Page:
And so, there you have it: week 2 in the bag! How would you work with those prompts? Do you think having prompts is a good idea for a challenge like this? And, are there prompts you think we might be interested in following? We have 85 days to go, so there is room for many ideas!

I hope this is motivating you to pick up a pen, pencil, paint brush or toothbrush (!) and start creating. Thanks for reading.

Week 1 – 100 Days of Art

Oh goodness me! An artist friend, Bente Hansen, suggested I participate in a painting a day for 100 days, starting January 1, 2023. So, I said yes. Which brings me to this post. Here is a review of week one, with 93 more days to go!

I had a little practice in June with a 30-day painting activity for the month. I thought it would be difficult to come up with ideas, and yet each day something new came to mind. I am hoping the same for this 100-day venture. We added a further challenge to ourselves by committing to a 10×10″ size, known to be difficult for composition.

There are quite a number of us doing this challenge, and some of us post each day to a FB group 100dayartchallenge2023. I also post on my Instagram page #viridianearth and use the hash tag #100dayartchallenge2023. So, check out these various places and support those who are engaging in this creative endeavour.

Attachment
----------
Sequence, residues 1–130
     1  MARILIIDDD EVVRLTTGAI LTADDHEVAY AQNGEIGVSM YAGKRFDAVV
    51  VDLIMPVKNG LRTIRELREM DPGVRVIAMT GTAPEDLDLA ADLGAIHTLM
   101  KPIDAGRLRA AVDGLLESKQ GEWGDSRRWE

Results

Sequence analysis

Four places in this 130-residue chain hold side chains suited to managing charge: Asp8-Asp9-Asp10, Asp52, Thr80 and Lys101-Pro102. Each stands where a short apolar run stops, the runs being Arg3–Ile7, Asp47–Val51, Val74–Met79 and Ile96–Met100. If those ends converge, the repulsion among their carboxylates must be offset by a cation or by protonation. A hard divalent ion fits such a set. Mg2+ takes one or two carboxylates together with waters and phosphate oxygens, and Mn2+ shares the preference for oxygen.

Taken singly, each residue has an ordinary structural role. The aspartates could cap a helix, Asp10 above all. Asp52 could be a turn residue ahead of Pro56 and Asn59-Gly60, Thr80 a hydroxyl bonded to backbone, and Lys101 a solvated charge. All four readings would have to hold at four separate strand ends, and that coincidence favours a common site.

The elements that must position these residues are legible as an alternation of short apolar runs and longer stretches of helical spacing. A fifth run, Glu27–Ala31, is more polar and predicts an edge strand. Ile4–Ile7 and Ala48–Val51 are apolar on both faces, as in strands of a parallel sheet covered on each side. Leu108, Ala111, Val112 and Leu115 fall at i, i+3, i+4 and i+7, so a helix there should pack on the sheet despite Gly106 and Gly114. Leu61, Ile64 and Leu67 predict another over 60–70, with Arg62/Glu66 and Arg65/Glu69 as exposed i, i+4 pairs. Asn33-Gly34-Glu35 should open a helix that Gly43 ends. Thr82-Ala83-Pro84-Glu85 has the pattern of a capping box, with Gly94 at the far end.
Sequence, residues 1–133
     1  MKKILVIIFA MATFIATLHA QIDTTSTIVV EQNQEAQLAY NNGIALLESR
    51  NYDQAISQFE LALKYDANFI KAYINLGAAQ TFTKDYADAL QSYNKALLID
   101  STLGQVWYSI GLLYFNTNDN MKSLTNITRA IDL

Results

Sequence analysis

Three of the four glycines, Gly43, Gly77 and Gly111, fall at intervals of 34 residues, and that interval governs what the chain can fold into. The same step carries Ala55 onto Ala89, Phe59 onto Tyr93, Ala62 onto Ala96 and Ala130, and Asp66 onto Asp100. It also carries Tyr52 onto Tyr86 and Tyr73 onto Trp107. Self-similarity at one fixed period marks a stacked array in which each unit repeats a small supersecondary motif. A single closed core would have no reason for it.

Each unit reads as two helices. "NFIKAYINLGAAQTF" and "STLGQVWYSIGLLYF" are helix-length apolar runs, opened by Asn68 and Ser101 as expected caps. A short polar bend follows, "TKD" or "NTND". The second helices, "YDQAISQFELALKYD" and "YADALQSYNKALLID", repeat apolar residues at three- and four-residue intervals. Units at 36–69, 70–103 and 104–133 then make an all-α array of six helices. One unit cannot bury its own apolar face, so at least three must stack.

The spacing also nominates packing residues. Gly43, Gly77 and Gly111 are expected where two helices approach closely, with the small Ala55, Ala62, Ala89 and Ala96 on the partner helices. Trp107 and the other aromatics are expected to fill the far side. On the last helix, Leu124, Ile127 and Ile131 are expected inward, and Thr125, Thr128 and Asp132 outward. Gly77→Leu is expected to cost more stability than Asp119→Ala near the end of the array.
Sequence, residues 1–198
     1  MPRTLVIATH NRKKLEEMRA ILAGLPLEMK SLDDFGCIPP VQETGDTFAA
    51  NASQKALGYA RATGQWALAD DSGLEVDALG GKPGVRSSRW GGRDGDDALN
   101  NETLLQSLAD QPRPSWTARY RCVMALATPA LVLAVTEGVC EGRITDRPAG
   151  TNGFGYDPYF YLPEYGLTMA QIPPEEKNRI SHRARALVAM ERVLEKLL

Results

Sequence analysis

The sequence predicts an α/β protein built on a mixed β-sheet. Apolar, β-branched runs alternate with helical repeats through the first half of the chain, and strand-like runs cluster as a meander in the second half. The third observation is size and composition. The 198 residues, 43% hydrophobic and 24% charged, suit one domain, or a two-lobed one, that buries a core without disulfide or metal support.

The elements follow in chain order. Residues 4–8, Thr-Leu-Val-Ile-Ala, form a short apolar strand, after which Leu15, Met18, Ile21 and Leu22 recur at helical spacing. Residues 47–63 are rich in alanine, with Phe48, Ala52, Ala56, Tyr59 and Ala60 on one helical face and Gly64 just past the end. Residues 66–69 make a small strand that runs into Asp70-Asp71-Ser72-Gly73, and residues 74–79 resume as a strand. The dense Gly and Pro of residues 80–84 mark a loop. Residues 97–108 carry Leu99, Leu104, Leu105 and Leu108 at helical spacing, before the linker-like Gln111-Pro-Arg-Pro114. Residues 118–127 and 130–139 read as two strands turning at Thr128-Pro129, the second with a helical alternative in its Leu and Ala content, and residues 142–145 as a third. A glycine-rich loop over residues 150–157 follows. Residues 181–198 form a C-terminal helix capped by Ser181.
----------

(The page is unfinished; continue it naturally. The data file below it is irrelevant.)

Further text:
I chose charcoal to depict one of my favourite things to do on the sailboat: lie back and look up at the clouds. We were in Ladysmith, BC harbour, securely attached to the dock, and a vicious storm was arriving.

The hardest thing with this first picture was creating the 10×10″ frame out of board. Scissors were not the tool to use. However, I just needed it to temporarily frame the photo so I could take a picture and post it.

Still with charcoal, I sat down to create this painting of the view from Shelter Point campsite on Texada Island looking across to Vancouver Island. I bit off a bit too much for a day’s work and clocked more than 6 hours on this, vowing to make life easier on myself from now on.